Despite this, unions are still being made to seem like the enemy. The average person probably has no idea how much money goes (or should go) into the education system every year, so when they hear that the teacher’s unions are causing the school district to “miss out” on $20 million in funding, it seems like a big deal, yet in fact that amount barely scratches the surface of what schools really need to thrive.

  4. Zapoura (and readers!), I interviewed a high school teacher this week from Franklin High School as a part of another course that I’m taking this term, and the conversation actually turned to both teacher’s unions and Race to the Top. My teacher (an English teacher who teaches 10th and 12th grade high school kids in a Title I school in the PPS district) was adamant with his dislike for both Race to the Top as well as teaching unions. He told me that he was furious with the contract that the union had recently obtained for PPS teachers, and felt that overall environment of teacher persecution has been a “slap to the face for teachers.” He told me that he takes much of these criticisms quite personally, and said that he felt that most of the public feels that teachers are over-paid, under-worked, and that they get too many benefits. I personally feel (and hope) that this is just a perception for him, and that most people don’t feel this way about teachers. When I asked about Race to the Top, he specifically pointed out merit pay as the determining factor in his dislike for the policy. He described for me the different schools that he has worked in, and the differing test scores that students received at each school, likely due to poverty and other outside contributing factors. He said, “Do I think that the quality of my teaching magically increased or decreased when I changed schools? No, of course not. The students were just different at each of the schools I’ve worked at.” Personally, I feel it important to consider that, while he seemed to disagree with both issues (teaching unions and Race to the Top), he has been teaching for 28 years, and seemed to be a little bitter in general. He seems to have a rather limited scope, and potentially hasn’t done as much research on the issues. Still, he reacted personally to both issues, saying that he didn’t feel like anyone trusted him as a teacher, and that he was constantly being disrespected and attacked on all fronts. I don’t see how a teacher could focus on being a good educator when they’re feeling such hostility from the surrounding world.

  5. Unless we, as a society, can develop the ability to look at our students as individuals and focus on individual success in whatever form it may take, be it a good job making gobs of money through technical skills learned through school or as a hermit happily living off the fat of the land with or without school, I think we’ll forever be obsessed with trying to find an “effective” way of evaluating the sheer number of students we have in our educational system, and that means standards. In the documentary “The Inconvenient Truth of Waiting for Superman” a New York City educator says “My school is under threat of closure because we haven’t met our annual yearly progress but that’s not because we’re not doing quality education and when people come from the state and talk to us and ask ‘Why, if you’re doing such great education, why are you not doing so well on the tests?’ and I say to them ‘You’re asking the wrong question, the right question is ‘If we’re doing such quality education what is wrong with your tests? Why aren’t your tests responsive to what real educators know is good for our children?’” Both sides of this debate, the administrators and legislators on one side, and the teachers and unions on the other side, want education to be a productive system and, generally speaking, do not want to hinder progress to such a system. We all affect each other; we wouldn’t want to argue against others who wish to improve our system without good reason, and even if our intentions are good, good intentions still have side effects and costs. In the LAUSD article “”Race to the Top costs more than it brings in,’ Fletcher said. ‘You’re essentially setting up a system with a lot of bureaucracy, and those pieces have to stay in place after the grant period.'” Having an issue with each other is not an issue, in my opinion; it becomes an issue when sides antagonize each other and not recognize the impasse they enter into. Given the sheer scale of our public schools and the gap of where we are and where we should be in our achievement levels, I feel like testing is a tool we have no major alternative of using for evaluating our progress. Both sides of the union debate are right — there are good and bad teachers and that is a reality in whichever profession you look at, good and bad doctors, good and bad lawyers, good and bad auto mechanics, for whatever reason due to the dynamics of their field. It’s a matter of asking the right questions and looking at the different factors that each individual teacher faces so we don’t make the mistake of lumping a teacher performing badly due to just being bad and a teacher performing badly because the students have a multitude of difficulties despite good skills and effort on the teacher’s part.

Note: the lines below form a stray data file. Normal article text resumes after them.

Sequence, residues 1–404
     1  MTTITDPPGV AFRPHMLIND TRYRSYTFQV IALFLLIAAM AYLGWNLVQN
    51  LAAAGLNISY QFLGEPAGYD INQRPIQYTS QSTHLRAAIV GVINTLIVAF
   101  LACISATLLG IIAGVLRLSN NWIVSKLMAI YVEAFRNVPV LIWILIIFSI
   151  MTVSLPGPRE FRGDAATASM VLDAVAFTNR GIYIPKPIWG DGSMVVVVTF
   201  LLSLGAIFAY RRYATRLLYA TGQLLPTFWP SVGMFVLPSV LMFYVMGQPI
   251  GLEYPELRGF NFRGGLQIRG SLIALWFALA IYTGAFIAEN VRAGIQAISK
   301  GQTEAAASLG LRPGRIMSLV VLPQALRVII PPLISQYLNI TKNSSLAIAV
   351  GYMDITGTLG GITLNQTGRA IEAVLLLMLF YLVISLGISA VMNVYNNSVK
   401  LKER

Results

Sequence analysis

6. The issue is that when it comes to education, one wants to reward success, but punishing failure does not solve the problem – especially when failure doesn’t mean poor teaching performance, but poor student performance. While good teaching is certainly correlated with higher test scores, it is not the case that higher test scores are caused by better teacher – or the contrapositive, that bad test scores are caused by bad teachers. I believe that test scores can be correlated with the amount of knowledge a student has learned, and thus is a decent metric for their relative level of education, but the level of education a student receives has more to do with how often they show up to school, how often they do homework, how much support they have at home, etc. It would be great if better teachers got better pay – but coming up with a valid metric to measure a teacher by is incredibly difficult, and student test scores is certainly not the correct way to do it.